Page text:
Besides being the fastest-growing segment of the U.S small business ecosystem, Latino-Owned Businesses (LBOs) has proven to be resilient too.
Despite having less chances to receive fundings from national banks, the number of Latino-owned employer businesses (those with at least one paid employee other than the owner) has grown by 14% between 2012 to 2017—over twice the U.S. average of 6%.
Additionally, the number of employer LOBs grew across 44 out of 50 U.S. states, and grew at a faster rate than the national industry average across 13 of the 15 industry sectors. Some of those industries are Construction, Finance and Insurance, Transportation and Warehousing, and Real Estate.
The report is made by The Stanford Latino Entrepreneurship Initiative (SLEI) at Stanford Graduate School of Business (GSB), in collaboration with the Latino Business Action Network (LBAN).
“Supporting Latino businesses is critical to the overall economic growth and success of this country, and critical to our economic recovery from this pandemic”, said Persis Drell, Stanford University’s Provost, during the virtual launching.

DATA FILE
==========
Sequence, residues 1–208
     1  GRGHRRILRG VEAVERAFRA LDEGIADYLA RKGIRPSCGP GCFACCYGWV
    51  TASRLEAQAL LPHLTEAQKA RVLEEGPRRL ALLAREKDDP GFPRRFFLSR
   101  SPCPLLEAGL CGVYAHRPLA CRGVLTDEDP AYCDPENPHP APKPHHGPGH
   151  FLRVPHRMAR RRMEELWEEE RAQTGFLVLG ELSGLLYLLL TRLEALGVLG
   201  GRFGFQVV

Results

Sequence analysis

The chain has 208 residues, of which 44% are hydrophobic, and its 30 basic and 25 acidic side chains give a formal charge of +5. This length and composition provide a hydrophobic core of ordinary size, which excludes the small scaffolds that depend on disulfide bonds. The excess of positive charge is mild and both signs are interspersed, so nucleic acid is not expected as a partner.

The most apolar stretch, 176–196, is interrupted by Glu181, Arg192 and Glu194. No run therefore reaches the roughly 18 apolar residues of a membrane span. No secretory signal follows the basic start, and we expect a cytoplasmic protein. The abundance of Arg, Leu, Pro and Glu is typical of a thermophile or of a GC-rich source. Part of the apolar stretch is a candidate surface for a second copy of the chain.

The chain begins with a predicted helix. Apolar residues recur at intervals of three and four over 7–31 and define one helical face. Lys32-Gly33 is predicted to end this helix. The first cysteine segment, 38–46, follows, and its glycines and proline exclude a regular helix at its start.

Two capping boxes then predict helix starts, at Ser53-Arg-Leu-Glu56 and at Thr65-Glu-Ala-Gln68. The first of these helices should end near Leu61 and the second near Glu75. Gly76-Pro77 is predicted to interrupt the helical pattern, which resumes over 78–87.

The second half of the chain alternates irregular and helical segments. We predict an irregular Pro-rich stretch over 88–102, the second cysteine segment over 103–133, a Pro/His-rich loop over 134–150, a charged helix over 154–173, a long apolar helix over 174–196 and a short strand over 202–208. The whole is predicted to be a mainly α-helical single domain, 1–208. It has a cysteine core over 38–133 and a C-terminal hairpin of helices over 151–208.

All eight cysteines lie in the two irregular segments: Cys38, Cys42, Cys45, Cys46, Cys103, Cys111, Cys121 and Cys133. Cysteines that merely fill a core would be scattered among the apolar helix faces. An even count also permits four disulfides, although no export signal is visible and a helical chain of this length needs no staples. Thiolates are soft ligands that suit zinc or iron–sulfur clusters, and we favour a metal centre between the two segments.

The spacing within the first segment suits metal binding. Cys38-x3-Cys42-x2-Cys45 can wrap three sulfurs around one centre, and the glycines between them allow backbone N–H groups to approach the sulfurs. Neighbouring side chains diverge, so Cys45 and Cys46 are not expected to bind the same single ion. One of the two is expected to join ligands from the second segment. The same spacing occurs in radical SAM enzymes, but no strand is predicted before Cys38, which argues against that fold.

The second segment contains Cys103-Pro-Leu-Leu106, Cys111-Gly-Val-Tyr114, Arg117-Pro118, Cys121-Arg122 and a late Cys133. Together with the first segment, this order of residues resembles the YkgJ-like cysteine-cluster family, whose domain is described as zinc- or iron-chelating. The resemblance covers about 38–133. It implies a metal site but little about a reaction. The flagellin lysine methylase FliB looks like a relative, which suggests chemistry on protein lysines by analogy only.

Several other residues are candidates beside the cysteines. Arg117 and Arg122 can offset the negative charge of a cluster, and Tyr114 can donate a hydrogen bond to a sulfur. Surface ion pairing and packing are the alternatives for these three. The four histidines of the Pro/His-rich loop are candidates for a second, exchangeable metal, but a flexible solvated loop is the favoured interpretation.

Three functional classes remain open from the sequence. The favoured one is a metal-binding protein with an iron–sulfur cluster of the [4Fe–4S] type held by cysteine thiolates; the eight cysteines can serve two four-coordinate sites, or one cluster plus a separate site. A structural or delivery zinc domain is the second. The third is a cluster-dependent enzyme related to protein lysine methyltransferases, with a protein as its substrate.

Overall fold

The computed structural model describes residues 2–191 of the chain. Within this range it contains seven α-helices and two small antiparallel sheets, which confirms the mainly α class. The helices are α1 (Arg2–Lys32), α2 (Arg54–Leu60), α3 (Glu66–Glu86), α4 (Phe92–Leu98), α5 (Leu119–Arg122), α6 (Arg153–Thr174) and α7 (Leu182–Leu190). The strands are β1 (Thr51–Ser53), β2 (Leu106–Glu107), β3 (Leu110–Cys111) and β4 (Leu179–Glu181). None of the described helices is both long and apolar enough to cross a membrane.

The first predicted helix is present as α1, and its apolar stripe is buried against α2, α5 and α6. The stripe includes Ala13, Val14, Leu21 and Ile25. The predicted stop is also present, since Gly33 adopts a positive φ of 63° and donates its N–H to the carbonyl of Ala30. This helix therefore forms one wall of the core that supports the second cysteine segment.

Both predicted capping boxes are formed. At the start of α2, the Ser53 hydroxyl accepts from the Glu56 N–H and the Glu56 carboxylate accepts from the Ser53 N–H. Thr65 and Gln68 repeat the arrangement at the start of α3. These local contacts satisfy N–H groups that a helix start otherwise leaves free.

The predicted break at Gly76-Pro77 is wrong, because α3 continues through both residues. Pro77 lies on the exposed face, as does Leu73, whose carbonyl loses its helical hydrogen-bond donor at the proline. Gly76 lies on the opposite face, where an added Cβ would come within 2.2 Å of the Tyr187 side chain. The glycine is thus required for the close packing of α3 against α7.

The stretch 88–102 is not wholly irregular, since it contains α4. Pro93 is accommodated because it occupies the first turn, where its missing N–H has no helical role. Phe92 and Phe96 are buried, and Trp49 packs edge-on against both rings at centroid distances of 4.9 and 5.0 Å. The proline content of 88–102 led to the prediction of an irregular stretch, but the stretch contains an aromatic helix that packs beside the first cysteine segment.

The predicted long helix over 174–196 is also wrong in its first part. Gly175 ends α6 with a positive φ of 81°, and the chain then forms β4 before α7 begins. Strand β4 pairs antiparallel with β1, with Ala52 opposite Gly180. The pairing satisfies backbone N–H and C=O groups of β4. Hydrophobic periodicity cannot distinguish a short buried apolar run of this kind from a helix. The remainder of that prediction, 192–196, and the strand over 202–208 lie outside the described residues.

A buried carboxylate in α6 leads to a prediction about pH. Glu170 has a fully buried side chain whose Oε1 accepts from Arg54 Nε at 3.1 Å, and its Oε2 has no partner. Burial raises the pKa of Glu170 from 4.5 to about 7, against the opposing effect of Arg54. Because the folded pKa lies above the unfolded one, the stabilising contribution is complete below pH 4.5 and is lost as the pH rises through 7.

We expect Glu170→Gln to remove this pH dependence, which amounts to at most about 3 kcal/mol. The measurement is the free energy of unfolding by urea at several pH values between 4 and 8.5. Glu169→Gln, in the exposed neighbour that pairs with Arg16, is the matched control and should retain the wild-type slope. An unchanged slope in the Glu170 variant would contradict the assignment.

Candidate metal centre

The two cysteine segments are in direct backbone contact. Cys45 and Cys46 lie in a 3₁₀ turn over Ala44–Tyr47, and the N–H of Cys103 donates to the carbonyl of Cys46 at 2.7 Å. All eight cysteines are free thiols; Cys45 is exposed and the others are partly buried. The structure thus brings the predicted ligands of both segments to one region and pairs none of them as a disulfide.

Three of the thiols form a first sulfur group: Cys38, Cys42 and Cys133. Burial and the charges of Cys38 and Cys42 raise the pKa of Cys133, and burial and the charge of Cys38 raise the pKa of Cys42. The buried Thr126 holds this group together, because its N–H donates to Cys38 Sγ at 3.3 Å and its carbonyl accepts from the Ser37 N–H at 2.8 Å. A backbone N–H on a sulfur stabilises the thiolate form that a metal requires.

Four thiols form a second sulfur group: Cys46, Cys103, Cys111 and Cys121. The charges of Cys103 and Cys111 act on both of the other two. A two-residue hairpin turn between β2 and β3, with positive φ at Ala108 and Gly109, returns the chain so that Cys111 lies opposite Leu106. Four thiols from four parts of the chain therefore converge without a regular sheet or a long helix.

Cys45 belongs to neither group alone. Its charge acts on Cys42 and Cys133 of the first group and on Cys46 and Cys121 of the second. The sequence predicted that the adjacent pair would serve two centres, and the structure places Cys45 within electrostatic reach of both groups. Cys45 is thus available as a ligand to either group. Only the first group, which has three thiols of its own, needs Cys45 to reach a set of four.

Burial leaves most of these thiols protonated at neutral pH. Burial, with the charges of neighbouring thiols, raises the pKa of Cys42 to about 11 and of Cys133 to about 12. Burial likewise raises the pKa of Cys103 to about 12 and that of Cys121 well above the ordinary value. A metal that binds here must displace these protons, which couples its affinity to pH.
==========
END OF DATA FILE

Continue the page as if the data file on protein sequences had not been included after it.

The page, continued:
In fact, LOBs were moving in a positive direction before the pandemic. The roughly 400,000 LOBs generated nearly $500 billion in annual revenue and employed 3.4 million people.
According to the report, although Latino-owned firms are less likely to generate a profit relative to White-Owned Businesses, three-quarters of LOBs also operated profitably or broke even over the past year, despite the challenges of the early months of the COVID-19 pandemic.
“Amid the chaos and crisis, there is much we can learn on how to rebuild and reshape the American economy from the experiences of Latino businesses owners”, said Marlene Orozco, SLEI’s Lead Research Analyst.
One crucial strategie to learn from Latino businesses owners is the importance of being connected to organizational or personal networks.
Latinos are more connected to organizational networks than White business owners: 42% compared to 34%. This is related to higher revenue growth and positive funding outcomes.
LOBs that leverage organizational networks are more than twice as likely to experience funding success than those that did not engage in any networking activities (63% versus 28%).